By Dale Bass – Kamloops This Week
In the fall of 2016, Greyhound announced plans to leave its depot location in Kamloops at the corner of Notre Dame Drive and Laval Crescent in Southgate.
Since then, it has extended its lease, most recently to the end of October.
Lanesha Gipson, senior communications specialist with the company’s Texas head office, said Greyhound is in talks with the city about its long-term plan, but noted nothing specific has been decided.
City CAO David Trawin confirmed there has been “some back and forth, but nothing official.”
Gipson said the property owner wants to redevelop the land at Laval and Notre Dame and needs city approval.
She said Greyhound has spoken with city planners about “potentially dropping off and picking up customers curbside moving forward as part of the development.”
Meanwhile, the province’s transportation board is reviewing a request by Greyhound to eliminate nine of its routes in B.C. and reduce another 10, including the trip between Kamloops and Kelowna.
READ MORE: Greyhound cuts service to Clearwater (Mar. 12, 2013)
In its presentation to the board last month, Greyhound said it has lost $70 million in the past six years — $36,000 per day — and seen ridership decrease by 46 per cent.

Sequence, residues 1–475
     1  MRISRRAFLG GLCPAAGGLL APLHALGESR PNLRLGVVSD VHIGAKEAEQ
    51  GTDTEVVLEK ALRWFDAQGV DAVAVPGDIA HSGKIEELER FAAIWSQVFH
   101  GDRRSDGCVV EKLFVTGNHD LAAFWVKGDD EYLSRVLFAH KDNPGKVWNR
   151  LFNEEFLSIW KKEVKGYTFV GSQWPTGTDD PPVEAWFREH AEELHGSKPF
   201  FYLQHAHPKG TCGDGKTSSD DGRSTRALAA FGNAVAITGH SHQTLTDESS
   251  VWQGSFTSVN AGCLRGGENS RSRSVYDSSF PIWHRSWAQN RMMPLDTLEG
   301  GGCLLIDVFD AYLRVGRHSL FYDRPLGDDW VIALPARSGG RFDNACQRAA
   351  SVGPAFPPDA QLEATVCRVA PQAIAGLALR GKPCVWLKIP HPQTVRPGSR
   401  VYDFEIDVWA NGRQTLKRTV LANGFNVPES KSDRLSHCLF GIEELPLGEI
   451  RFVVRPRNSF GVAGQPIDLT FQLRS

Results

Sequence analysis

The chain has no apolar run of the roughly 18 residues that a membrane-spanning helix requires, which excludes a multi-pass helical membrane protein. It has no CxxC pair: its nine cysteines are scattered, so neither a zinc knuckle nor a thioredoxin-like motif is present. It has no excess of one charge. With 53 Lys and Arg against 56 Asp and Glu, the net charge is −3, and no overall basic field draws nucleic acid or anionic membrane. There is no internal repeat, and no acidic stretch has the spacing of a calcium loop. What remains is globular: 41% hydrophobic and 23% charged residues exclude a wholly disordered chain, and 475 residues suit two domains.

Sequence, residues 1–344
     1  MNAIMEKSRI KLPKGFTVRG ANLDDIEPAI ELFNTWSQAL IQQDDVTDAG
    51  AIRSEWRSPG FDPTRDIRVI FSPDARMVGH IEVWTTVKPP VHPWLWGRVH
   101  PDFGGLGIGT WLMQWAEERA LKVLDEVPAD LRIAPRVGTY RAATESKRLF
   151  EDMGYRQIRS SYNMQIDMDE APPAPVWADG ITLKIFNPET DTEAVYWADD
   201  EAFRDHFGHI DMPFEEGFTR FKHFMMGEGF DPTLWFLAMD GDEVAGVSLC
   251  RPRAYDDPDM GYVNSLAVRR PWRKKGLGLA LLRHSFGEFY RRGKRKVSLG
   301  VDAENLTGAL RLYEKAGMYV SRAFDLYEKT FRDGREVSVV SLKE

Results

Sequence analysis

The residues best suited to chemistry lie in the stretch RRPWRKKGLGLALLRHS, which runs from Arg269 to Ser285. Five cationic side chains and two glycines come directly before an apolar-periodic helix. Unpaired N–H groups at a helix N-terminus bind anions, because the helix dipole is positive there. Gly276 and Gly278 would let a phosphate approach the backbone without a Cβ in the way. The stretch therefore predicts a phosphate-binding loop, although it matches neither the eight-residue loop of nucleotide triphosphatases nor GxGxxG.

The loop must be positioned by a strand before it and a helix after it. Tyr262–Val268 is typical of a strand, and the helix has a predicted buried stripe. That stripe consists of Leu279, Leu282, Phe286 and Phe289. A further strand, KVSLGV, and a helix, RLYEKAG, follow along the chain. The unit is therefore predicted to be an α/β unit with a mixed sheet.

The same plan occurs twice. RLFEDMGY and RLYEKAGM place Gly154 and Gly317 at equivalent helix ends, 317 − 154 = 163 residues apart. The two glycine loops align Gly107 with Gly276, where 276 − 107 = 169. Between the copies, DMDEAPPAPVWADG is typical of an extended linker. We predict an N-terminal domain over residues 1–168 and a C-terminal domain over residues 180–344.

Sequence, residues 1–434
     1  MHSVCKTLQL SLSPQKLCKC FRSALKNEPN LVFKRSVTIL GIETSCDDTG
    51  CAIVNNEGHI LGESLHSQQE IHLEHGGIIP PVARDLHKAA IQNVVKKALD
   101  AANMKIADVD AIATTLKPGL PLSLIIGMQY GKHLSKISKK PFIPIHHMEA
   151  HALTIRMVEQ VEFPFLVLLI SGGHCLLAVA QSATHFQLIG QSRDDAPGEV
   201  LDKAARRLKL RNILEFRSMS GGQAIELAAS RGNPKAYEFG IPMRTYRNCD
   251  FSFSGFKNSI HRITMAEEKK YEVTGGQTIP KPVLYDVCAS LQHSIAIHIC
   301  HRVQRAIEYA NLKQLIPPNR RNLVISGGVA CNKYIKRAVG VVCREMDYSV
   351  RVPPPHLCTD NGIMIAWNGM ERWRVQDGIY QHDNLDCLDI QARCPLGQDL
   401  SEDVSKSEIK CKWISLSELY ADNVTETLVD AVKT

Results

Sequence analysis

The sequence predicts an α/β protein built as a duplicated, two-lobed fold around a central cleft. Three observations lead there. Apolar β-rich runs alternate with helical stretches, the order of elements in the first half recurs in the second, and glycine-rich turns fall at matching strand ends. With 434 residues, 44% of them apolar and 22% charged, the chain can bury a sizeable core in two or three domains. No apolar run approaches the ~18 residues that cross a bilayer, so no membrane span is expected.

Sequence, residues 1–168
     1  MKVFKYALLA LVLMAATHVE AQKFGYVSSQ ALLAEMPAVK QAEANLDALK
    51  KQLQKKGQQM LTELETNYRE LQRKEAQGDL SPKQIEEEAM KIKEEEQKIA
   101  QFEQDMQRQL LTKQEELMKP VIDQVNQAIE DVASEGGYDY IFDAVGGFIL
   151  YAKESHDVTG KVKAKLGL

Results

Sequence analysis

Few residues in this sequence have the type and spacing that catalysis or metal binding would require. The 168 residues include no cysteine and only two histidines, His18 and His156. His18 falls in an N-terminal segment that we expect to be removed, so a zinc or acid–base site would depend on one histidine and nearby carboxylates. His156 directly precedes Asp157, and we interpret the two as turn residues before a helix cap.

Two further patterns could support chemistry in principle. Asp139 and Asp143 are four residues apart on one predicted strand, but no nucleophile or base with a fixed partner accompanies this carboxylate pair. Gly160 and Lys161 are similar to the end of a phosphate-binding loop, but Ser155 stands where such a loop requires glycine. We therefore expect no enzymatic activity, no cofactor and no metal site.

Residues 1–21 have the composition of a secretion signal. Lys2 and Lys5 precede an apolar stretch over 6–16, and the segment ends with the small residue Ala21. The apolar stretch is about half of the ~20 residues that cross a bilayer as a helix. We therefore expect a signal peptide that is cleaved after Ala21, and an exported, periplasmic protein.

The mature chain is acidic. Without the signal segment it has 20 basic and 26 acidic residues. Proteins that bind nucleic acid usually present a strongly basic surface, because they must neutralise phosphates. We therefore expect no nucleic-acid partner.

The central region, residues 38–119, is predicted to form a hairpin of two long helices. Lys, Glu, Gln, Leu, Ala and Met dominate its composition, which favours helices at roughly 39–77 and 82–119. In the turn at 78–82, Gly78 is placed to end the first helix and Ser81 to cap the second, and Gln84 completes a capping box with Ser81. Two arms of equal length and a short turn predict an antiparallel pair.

It has asked to eliminate its routes between that would affect Dawson Creek, Prince George, Fort Nelson and Fort St. James, as well as one at Whistler and routes connecting Victoria, Nanaimo and Vancouver.
It wants to reduce the now-minimum twice-daily trips between Kamloops and Kelowna to a minimum of twice a week and make similar reductions to the following routes: Vancouver/Pemberton, Vancouver/Osoyoos, Kelowna/Penticton, Vancouver/Prince George, Vancouver/Kelowna, Dawson Creek/Vancouver and trips to the B.C./Alberta border.
Greyhound told the board at its hearing the routes are expensive to run and there is competition for passengers from rideshare programs, airlines, personal vehicles and government-funded bus and rail lines.
Between 2012 and 2016, Greyhound said in its presentation, it has applied to the transportation board to make minor route changes to ease the financial burden, has refurbished rather than buy new buses and has discussed with the federal and provincial government the regulatory reforms it feels must be made.
Greyhound told the board the provincial government should create a fund that would provide money to municipalities and First Nations to put private-sector intercity transit out to tender.
READ MORE: Greyhound calls for public transportation fund (Dec. 11, 2017)